The American Association of Advancement for Science (AAAS) hosted Rep. Henry Waxman (D-CA), ranking member of the House Government Reform Committee on 6 October to discuss his report "Politics and Science in the Bush Administration" with the science policy community. The report was released on 7 August and is available for download at The minority staff of the Government Reform Committee prepared the report, which assessed the treatment of science and scientists at the request of Rep. Waxman. According to the website, the report documents "numerous instances where the Administration has manipulated the scientific process and distorted or suppressed scientific findings. Beneficiaries include important supporters of the President, including social conservatives and powerful industry groups."

The charges against the Bush Administration fall into three categories: manipulation of scientific committees, distortion of scientific information, and interference with scientific research. Waxman told attendees at the AAAS briefing that the Bush administration's pattern of disrespect to science: undermines the government's ability to develop effective policy, undermines public confidence in science-based agencies, and risks the exodus of talented scientists from government. Waxman cited specific examples involving EPA positions on climate change, a government website touting a link between abortion and breast cancer, and the all-time low morale at NIH despite record budgets as evidence for these three impacts (see report for full story).

According to Waxman, the only official response to the report from the Bush Administration was a quote from White House spokesperson Scott McClellan in the New York Times (Aug 8), in which he "dismissed" the report, adding, "This administration looks at the facts and reviews the best available science based on what's right for the American people. The only one who is playing politics about science is Congressman Waxman. His report is riddled with distortion, inaccuracies and omissions." During the AAAS briefing, Rep. Waxman quipped that he was particularly interested in the "omissions."

Waxman said he will continue to investigate these matters. The website for the project allows users to sign up for email updates, as well as to provide anonymous tips regarding the politicization of science. Waxman expressed pleasure with the response of the scientific community to the report and website, noting that there have been over 60,000 independent hits on the website and over 1,000 requests for the email updates.


Dr. Elias Zerhouni, director of the National Institutes of Health, recently stated in Science (Vol 302, Oct 3, 2003) that NIH is at a "critical moment" in its history. The scientific advances triggered by the historic doubling of the NIH budget have produced knowledge and challenges that NIH must consider. Director Zerhouni stated that "as science grows more complex, it is also converging on a set of unifying principles that link apparently disparate diseases through common biological pathways and therapeutic approaches. Today, NIH research needs to reflect this new reality." Over the past year, NIH evaluated how it can define a "compelling, limited set of priorities that can be acted on and are essential to accelerate progress across the spectrum of the institute missions." This process has produced the NIH Roadmap that identifies three major themes that all NIH institutes and centers will support: New Pathways to Discovery, Research Teams of the Future, and Reengineering the Clinical Research Enterprise. In fiscal year 2004, NIH will begin launching research efforts to support initiatives in these areas. Briefly, New Pathways to Discovery seeks to address the need to understand complex biological systems. This area will address issues such as improving the quantitative knowledge of the structure and function of interconnected networks of molecules. Research Teams of the Future will support efforts to help biomedical researchers move beyond the confines of their own discipline and explore new organizational models for team science. For example, NIH proposes stimulating new ways of combining skills and disciplines by developing innovative teams with members representing the biological sciences, engineering, mathematics, computing, engineering and the physical sciences. The agency will promote the establishment of centers for interdisciplinary research and training to support the development of a new interdisciplinary workforce. Finally, NIH will support efforts to catalyze change in the clinical research enterprise. NIH proposes working more closely with patient advocacy groups and through networked clinical trial centers to ensure the continued use and effectiveness of clinical trials.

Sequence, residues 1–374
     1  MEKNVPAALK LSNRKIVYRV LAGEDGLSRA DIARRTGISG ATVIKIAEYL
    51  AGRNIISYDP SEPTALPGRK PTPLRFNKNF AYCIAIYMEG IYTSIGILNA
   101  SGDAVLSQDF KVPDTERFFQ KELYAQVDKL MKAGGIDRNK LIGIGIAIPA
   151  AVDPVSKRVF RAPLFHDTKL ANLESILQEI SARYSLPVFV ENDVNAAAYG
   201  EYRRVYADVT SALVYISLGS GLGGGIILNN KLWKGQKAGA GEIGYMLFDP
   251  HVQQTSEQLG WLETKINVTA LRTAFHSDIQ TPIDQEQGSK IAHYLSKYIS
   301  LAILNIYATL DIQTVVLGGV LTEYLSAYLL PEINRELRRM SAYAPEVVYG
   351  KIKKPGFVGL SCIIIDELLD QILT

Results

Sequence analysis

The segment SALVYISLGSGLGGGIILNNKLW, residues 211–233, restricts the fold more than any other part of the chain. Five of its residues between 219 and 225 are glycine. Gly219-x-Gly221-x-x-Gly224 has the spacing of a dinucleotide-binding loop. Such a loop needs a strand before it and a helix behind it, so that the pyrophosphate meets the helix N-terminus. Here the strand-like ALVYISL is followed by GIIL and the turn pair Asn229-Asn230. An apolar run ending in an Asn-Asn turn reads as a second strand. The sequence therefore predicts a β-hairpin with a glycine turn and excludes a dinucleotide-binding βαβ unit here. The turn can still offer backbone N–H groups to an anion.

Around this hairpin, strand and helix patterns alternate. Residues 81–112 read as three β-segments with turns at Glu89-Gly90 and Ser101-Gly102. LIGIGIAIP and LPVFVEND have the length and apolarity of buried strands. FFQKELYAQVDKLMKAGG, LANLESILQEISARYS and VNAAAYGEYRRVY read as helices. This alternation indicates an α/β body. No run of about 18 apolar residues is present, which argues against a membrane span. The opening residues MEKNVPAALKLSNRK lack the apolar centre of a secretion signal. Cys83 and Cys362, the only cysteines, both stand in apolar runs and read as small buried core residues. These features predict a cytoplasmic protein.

Within days of the release of the NIH Roadmap Dr. Harold Varmus, president of Memorial Sloan Kettering Cancer Center, and Dr. Ray Orbach, director of the U.S. Department of Energy's Office of Science, were featured speakers at a Capitol Hill briefing "Advances in Medicine and Health: Understanding the Physical Sciences Behind the Curtain." The briefing was cosponsored by Senators Lamar Alexander (R-TN) and Jeff Bingaman (D-NM) on behalf of the American Chemical Society's Science and the Congress Project and the Senate Science and Technology Caucus. The speakers explained how developments and tools from physical sciences have contributed to medical advances and treatments.


The American Institute of Biological Sciences and the National Center for Science Education are pleased to announce that the AIBS/NCSE Evolution List Server Network now has list serves in every state, Puerto Rico, the District of Columbia, and Alberta and Ontario, Canada. New list serves were recently launched in Alaska, Connecticut, Delaware, Hawaii, New Hampshire, New York, North Dakota, Oregon, and Washington DC. The Network enables scientists, teachers, and other supporters of evolution-education to be in touch with each other locally, nationally, and internationally. In addition to serving as a support system for some educators teaching evolution in a difficult local environment, the Network facilitates rapid communication and grass-roots activity when school boards or legislatures consider policies that promote the teaching of anti-evolutionary ideas in science classes. The discussions and information shared on each local list serve are at the discretion of the list members and the state list moderator, and are not necessarily those of AIBS or NCSE. Information about these and other list serves in the Network is available at